Have you ever picked up a book because every where youturn people have it tucked under their arm or are reading it in the park or on the bus? That every review you read (and reviewed by people you absolutely respect without question.) was a glowing love letter to the brilliance of this author’s work? And because of all this exposure and praise, you run to the bookstore and pick up said book and dive into it head long only to be, well…underwhelmed?
Of course you have.
The Da Vinci Code, The Girl with the Dragon Tattoo, any of the Harry Potter or Twilight books, all of these novels had a HUGE public build up and when I read them (Except the Twilight books—sorry, folks, I just can’t get into vampires that aren’t half rotted animals ala 30 Days of Night.) I couldn’t help but feel a little let down. Okay, in the case of ALL of the novels listed above because I could only get through the first 100 pages before throwing in the towel.
But maybe that’s just the way my brain works when it comes to hype? Maybe I’m conditioned to reject any book, movie, or piece of music that is too universally praised?
It’s a handicap, I know, and one that more than a few people other than me suffer from and over the years it’s stopped me from enjoying some truly great pieces of art.
Now, was this my reaction to Volt by Alan Heathcock?
To be honest, at first, it was.
Review after review (including a glowing piece in the New York Times by Donald Ray Pollack) was filled with boundless accolades.
All of my buddies raved about the collection.
And did all of this cause me to rush to the bookstore and shell out my cash for Volt and immediately start in on it? You bet!
Then I read this in the opening story, “The Staying Freight”:
“Winslow didn’t see his boy running across the field. He didn’t see Rodney climb onto the back of the tractor, hands filled with meatloaf and sweet corn wrapped in foil. Didn’t see Rodney’s boot slide off the hitch.”
Winslow dabbed his eyes with a filthy handkerchief. The tiller discs hopped. He whirled to see what he’d plowed, and back there lay a boy like something fallen from the sky.”
These two brief paragraphs stopped me cold. They made me walk into my office and place Volt on the shelf and try to put it out of my head. It also made me think that both Volt and Heathcock were nothing more than unadulterated hype.
Hype with a capital H.
Was this fair of me to pre-judge a book after only a half a page?
It was and after two weeks, I returned to it and muscled through “The Staying Freight” and the rest of Volt with those two paragraphs wriggling around in my brain like two fatted worms.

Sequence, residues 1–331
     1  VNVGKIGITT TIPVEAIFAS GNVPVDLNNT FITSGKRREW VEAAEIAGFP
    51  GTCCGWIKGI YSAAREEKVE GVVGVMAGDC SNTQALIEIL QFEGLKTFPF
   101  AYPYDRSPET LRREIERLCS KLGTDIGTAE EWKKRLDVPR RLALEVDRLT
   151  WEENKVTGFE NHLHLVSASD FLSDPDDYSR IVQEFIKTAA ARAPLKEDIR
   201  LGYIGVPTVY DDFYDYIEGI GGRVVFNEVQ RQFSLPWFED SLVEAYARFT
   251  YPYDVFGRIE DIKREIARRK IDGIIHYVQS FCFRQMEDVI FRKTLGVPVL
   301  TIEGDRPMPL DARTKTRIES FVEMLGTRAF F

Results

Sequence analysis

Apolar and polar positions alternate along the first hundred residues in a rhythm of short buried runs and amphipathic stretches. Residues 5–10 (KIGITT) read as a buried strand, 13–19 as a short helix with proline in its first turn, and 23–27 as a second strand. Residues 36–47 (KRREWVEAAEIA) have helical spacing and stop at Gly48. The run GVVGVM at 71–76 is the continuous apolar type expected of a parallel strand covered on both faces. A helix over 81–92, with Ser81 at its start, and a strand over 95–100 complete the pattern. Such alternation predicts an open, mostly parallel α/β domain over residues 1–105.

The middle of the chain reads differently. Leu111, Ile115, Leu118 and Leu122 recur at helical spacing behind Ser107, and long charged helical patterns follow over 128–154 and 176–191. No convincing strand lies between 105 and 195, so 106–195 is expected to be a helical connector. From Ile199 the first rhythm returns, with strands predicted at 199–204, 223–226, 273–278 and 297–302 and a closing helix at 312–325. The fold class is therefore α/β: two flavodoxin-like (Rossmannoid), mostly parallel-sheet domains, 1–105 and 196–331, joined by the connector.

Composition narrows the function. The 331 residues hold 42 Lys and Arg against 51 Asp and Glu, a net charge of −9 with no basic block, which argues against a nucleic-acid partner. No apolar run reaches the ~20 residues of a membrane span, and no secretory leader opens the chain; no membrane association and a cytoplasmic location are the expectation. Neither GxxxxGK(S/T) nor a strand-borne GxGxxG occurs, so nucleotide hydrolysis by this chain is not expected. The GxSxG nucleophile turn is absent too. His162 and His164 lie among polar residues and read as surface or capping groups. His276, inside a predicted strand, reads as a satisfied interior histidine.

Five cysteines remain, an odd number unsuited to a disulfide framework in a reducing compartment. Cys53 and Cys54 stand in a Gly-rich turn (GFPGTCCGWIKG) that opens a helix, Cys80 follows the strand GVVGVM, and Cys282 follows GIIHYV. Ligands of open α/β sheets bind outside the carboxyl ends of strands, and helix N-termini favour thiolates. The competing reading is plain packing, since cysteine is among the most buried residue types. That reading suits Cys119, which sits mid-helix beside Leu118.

Let me finally get around to why I found the aforementioned paragraphs so disturbing? As you may or may not know, I have a five year old daughter and I’ve had nightmares very similar to those two stripped down paragraphs. (Not exactly like it, but, you know, I don’t live on a farm) I think most parents share those same terrors when they have small children. They’re so reckless, so unafraid and we as parents fear that no matter how careful we are, something unimaginable will happen.
But this is the true power of Heathcock as a writer and Volt as a collection.
Heathcock knows our weaknesses. He knows our common fears and is able to put it on paper and use them as a mirror. “The Staying Freight” isn’t the only story which had a similar effect on me. “Peacekeeper” is an excellent fish out of water story of a small town female sheriff who murders a child killer and then fears her crime will be uncovered as her town floods. The blood chilling “Furlough” is the story of a soldier coming back to his hometown and attempting to and failing to reconnect with his old friends and can be easily compared to mid-career McCarthy. My favorite of the collection is “The Daughter”, the story of a daughter who will do anything to help her mother recover from the grief of losing her own mother after she is killed in a hit and run accident.
Each interconnected story is equally devastating and I had to take small breaks in-between them to catch my breath. Heathcock’s prose possesses a plain spoken lyricism much in the same vein as Kyle Minor and Pollack. His descriptions of small town existence are vivid and painstakingly detailed, but not so much that the reader becomes lost in exposition.
Would it be fair for me to say that Volt heralds the arrival of a new major American voice? Yes, I would say so. Heathcock’s gifts are undeniable.
But will I be revisiting “The Staying Freight” anytime soon….? Much like the film Boys Don’t Cry or Styron’s brilliant Sophie’s Choice, there’s no denying their merits, but the memory of each work is still so vivid, so disturbing that I’ll never need to.